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Her air was so modest, her aspect fo meek,
So fimple, yet sweet were her charms, I kiss'd the ripe roses that glow'd on her cheek,
And lock'd the lov'd maid in my arms.
Now jocund together we tend a few sheep,
And if, on the banks by the stream, Reclin’d on her bosom I smk into sleep,
Her image still softens my dream. Together we range o'er the flow rising hills,
Delighted with pastoral views, Or reft on the rock whence the streamlet diftills,
And mark out new themes for my muse,
pomp, or proud titles, she ne'er did aspire,
The damisel's of humble descent! The cottager, Peace, is well known for her fire,
And shepherds have nam'd her-Content.
A PRAYER FOR INDIFFERENCE.
BY MRS. GREVILLE.
OFT I've implor’d the gods in vain,
And pray'd till I've been weary ;
Sweet airy being, wanton sprite,
That lurk'st in woods unseen,
Tripp'ít gaily o'er the green ;
As ancient stories tell,
Thou sought'st a wond'rous spell joc Oh! deign once more t’exert thy power;
Haply. some herb or tree, Sov'reign as juice of western flower,
Conceals a balm for me.
I ask no kind return of love,
No tempting charms to please :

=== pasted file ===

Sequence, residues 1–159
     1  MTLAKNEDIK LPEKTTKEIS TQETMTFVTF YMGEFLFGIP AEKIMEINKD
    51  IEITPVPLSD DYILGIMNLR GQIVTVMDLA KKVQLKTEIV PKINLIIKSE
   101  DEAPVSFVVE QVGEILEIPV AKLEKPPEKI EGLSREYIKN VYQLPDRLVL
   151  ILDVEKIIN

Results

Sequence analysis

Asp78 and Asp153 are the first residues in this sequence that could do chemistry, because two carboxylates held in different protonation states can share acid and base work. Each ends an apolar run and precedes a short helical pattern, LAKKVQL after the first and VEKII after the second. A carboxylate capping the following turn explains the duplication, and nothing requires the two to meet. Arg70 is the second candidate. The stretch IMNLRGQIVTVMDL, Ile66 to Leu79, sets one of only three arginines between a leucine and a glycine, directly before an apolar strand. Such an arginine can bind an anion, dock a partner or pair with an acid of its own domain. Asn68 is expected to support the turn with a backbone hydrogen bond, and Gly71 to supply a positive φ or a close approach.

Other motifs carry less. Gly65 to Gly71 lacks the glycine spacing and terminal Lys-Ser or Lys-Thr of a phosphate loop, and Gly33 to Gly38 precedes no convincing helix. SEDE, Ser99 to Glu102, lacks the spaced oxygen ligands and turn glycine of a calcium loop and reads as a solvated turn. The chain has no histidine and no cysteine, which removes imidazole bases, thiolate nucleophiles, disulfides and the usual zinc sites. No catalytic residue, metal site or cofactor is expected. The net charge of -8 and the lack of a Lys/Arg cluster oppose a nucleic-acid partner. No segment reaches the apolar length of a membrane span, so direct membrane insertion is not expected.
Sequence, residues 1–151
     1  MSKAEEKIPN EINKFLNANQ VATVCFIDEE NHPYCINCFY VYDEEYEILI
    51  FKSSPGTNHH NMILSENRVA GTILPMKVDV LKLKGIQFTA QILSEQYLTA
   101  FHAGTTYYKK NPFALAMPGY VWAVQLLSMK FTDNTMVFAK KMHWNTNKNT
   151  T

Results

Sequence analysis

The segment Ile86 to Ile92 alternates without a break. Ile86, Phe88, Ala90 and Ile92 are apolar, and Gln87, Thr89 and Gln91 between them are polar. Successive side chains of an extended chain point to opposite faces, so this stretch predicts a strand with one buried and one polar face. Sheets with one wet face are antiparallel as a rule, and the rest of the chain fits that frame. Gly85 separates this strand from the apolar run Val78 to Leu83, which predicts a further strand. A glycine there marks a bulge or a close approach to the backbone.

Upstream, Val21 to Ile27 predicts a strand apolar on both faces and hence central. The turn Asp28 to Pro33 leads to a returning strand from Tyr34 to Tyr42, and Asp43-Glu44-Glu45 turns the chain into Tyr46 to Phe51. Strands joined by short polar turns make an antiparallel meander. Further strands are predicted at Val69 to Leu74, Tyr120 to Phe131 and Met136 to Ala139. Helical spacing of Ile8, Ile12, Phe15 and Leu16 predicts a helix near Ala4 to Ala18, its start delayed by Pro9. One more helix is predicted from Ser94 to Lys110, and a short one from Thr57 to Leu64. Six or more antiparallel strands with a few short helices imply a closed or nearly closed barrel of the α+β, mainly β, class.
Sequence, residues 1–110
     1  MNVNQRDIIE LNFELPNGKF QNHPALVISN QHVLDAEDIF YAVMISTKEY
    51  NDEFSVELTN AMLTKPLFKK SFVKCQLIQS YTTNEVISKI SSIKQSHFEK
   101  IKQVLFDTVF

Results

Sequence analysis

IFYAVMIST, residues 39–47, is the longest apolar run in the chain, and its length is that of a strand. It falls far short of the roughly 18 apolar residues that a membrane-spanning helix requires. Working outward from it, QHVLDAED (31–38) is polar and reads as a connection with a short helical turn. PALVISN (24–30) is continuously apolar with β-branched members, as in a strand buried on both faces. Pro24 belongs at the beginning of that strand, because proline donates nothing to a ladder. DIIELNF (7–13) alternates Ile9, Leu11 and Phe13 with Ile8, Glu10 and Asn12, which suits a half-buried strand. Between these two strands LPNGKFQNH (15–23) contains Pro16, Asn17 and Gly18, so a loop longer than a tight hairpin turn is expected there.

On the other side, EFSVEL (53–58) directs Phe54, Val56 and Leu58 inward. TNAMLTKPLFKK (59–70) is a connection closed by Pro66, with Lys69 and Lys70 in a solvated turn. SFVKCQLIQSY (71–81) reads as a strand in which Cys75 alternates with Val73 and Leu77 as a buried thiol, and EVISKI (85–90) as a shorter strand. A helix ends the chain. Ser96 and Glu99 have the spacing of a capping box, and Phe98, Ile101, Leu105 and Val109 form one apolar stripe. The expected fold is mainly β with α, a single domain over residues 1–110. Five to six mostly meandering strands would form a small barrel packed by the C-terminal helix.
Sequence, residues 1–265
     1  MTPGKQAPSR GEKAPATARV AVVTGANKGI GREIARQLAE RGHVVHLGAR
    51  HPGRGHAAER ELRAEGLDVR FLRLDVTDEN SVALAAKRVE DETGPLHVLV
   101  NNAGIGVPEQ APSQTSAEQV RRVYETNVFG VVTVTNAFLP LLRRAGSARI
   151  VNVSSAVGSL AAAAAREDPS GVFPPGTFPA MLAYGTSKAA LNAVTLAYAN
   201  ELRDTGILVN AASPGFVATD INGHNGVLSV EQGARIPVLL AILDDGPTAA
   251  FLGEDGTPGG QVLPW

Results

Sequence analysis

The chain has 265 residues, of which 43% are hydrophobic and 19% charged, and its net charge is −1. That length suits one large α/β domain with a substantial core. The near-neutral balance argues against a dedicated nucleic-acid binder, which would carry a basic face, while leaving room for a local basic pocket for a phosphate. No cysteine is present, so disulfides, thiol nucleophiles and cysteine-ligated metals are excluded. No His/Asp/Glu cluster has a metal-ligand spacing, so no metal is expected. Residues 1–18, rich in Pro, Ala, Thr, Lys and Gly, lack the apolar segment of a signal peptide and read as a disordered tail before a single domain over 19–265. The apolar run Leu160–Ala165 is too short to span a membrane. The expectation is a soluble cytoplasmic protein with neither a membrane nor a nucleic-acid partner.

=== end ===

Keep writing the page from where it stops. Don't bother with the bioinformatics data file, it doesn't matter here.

· That fighs for peace and eale.
Nor peace nor ease the heart can know,
Which, like the needle true,
But, turning, trembles too.
'Tis pain in each degree :
Beyond is agony. Take then this treach'rous Tense of mine,
Which dooms me fill to finart; Which pleasure can to pain refine,
To pain new pangs impart.
Oh! haste to Med the sacred balm ;
My Matter'd nerves new string ; Al for my guest, ferenely calen,
Thy nymph, Indifference, bring.
See Expectation fly;
That blålts the promis'd joy.
The eye shall then disown ;
Shall then scarce feel its own.
Eaclı moment then shall ciole, And tranquil days fall still succeed
To nights of calı repose.
O fairy elf! but grant me this,
This one kind comfort send; And so may never, fading bliss
Thy flow'ry paths attend.
Tliy tiny footsteps lead
Unknown to mortal tread.
And be thine acorn goblet fillid
With Heav'n's ambrofial dew : From liveetelt, freshest flow'rs diftillid,
That thed freth sweets for you.
And what of life remains for me,
I'll pass in sober ease;
Content but half to please
we with brutes must share a common fate,
Nor quit this earthly for a better state, If cruel death destroys the thinking part, And strikes the spirit as it strikes the heart, Say, to what purpose was our reason given, Reason, the greatest, noblest gift of Heaven i Say, who would ever he upon their guard "Gainit vice, if virtue meets with no reward ? Much happier does the libertine appear, Who drinks of pleasure's cup without a fear : His days are jovial, cvery scene is gay, And in amusements pass his time away ; 'Till the last period of his life is come, And death conducts him to the filent tomb.
Turn from this picture of earth's happy man, And let us that of virtue's votaries (can :
See merit oft expos'd to envious hate,
The charming plant, here nurs’d with tender care,